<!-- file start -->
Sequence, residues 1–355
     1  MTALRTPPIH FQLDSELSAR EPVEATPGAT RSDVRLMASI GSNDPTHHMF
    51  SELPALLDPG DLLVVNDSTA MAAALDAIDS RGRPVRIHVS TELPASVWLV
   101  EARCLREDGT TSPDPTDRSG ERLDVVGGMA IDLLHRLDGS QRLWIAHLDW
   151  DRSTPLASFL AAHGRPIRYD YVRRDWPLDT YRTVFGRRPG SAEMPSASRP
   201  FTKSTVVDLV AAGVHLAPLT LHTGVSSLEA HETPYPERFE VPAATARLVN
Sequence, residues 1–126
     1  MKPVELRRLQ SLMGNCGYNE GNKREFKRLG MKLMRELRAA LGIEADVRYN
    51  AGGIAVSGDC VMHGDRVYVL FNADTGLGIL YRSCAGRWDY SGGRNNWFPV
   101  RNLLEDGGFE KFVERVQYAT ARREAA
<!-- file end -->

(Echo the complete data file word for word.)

Sequence, residues 1–355
     1  MTALRTPPIH FQLDSELSAR EPVEATPGAT RSDVRLMASI GSNDPTHHMF
    51  SELPALLDPG DLLVVNDSTA MAAALDAIDS RGRPVRIHVS TELPASVWLV
   101  EARCLREDGT TSPDPTDRSG ERLDVVGGMA IDLLHRLDGS QRLWIAHLDW
   151  DRSTPLASFL AAHGRPIRYD YVRRDWPLDT YRTVFGRRPG SAEMPSASRP
   201  FTKSTVVDLV AAGVHLAPLT LHTGVSSLEA HETPYPERFE VPAATARLVN
Sequence, residues 1–126
     1  MKPVELRRLQ SLMGNCGYNE GNKREFKRLG MKLMRELRAA LGIEADVRYN
    51  AGGIAVSGDC VMHGDRVYVL FNADTGLGIL YRSCAGRWDY SGGRNNWFPV
   101  RNLLEDGGFE KFVERVQYAT ARREAA